Monthly Archives: January 2013

Windows 8 modern UI tips

As a follow up to my previous post on optimizing your Windows 8/Windows RT/Surface experience here are a few nice tips I have gathered from various sources:

  • Take a screen shot of a modern app: Touch at the same time the “Windows” button at the bottom of your screen (the one on the keyboard won’t work) if you have one of those new tablets or convertibles, and the volume down one. (In desktop mode, the Snipping tool is still available)
  • Get to the lock/switch user/ sign-out/change password/task manager screen quickly(and through the bottom right icon access to restart, shutdown, sleep menus) by pressing the Windows key and the power button simultaneously
  • Hitting CTRL+ALT+DEL from the keyboard will get you to the same screen too.
  • Remember that Windows key + “L” is still here to quickly lock your computer
  • Use new keyboard shortcuts: windows.microsoft.com/en-US/windows-8/new-keyboard-shortcuts
  • Right-click with your mouse while on the bottom left corner: show a system menu with direct access to device manager, task manager, power options, explorer, control panel… (16 in total)
      • Closing applications with the mice: move your mice to the top left corner, then slide it down a bit. When all the apps show up, right click to dock or close those apps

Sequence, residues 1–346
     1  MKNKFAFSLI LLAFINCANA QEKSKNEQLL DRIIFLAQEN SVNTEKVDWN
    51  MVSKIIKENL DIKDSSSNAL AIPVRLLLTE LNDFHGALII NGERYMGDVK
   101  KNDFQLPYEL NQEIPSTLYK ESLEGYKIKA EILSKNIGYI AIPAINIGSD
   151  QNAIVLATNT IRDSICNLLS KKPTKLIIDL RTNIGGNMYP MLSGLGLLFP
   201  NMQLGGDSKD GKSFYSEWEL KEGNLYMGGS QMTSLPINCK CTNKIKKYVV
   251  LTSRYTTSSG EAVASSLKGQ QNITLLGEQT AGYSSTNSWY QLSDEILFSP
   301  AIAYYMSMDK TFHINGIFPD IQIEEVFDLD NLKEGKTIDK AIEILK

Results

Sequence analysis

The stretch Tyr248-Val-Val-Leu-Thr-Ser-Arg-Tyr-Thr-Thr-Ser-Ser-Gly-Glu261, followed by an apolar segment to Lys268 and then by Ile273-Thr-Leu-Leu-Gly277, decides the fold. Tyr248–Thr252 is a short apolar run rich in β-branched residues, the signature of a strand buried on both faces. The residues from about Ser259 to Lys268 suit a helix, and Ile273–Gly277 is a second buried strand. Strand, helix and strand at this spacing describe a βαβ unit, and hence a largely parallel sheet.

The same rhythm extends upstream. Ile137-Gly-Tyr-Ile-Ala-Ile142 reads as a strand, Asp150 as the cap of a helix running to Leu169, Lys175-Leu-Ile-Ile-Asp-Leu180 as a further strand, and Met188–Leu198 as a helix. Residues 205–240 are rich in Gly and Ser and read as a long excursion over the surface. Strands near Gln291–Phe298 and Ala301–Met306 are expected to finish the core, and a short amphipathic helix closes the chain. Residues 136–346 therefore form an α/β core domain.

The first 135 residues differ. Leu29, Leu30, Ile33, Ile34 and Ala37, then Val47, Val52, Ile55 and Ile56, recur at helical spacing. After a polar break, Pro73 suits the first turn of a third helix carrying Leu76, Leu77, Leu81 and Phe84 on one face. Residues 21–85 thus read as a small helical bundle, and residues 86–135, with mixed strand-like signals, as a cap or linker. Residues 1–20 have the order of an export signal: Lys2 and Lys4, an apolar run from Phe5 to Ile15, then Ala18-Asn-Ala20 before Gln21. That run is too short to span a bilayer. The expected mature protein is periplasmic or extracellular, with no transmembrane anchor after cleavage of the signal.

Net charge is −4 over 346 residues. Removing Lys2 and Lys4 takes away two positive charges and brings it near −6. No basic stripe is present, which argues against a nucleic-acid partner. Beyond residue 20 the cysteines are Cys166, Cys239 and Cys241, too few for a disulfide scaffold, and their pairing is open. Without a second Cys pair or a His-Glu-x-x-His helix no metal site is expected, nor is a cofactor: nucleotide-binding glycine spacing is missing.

• Select multiple emails by swiping them to the right.

There are many more tips available and I focused on the one that I did not myself discovered serendipitously. Here a few good websites with tips and FAQ on Windows 8 and RT:

How to quickly capture tasks while not in Outlook

I was looking for a quick way to start a new task in Outlook when not in Outlook (in Outlook, the shortcut is CTRL+SHIFT+K).

A quick look at outlook help file and voila, through the simple /c ipm.task command line switch in Outlook associated with one of my keyboards programmable keys (or could be a Windows shortcut to the file, for instance CTRL+SHIF+T).

Specifically, here is how to implement it:

  1. Locate the folder in which the Outlook.exe file resides. In my case on a Windows 7 x64 with the latest version of outlook (2013) it’s “C:\Program Files\Microsoft Office 15\root\office15\”, with Office 2007 it’s “C:\Program Files (x86)\Microsoft Office\Office12\” etc.
  2. Open notepad
  3. type the path in 1) starting with a “ + outlook.exe” /c ipm.task
    This should give: “C:\Program Files\Microsoft Office 15\root\office15\outlook.exe” /c ipm.task
  4. save the document as namefile.bat (in my case I just called it newtask.bat)
    image
  5. Associate this file with a shortcut key:
    • If your keyboard has programmable keys you can use them
    • If not :
      • create a shortcut to the file (right-click on the file name in Windows Explorer, “create shortcut”)
      • right click on this shortcut and associate to the keyboard shortcut you want

And to make it really simple here are 2 text files respectively for Outlook 2007 and Outlook 2013. Just copy them, rename them “.bat” instead of “.bat.txt” and go to 5) directly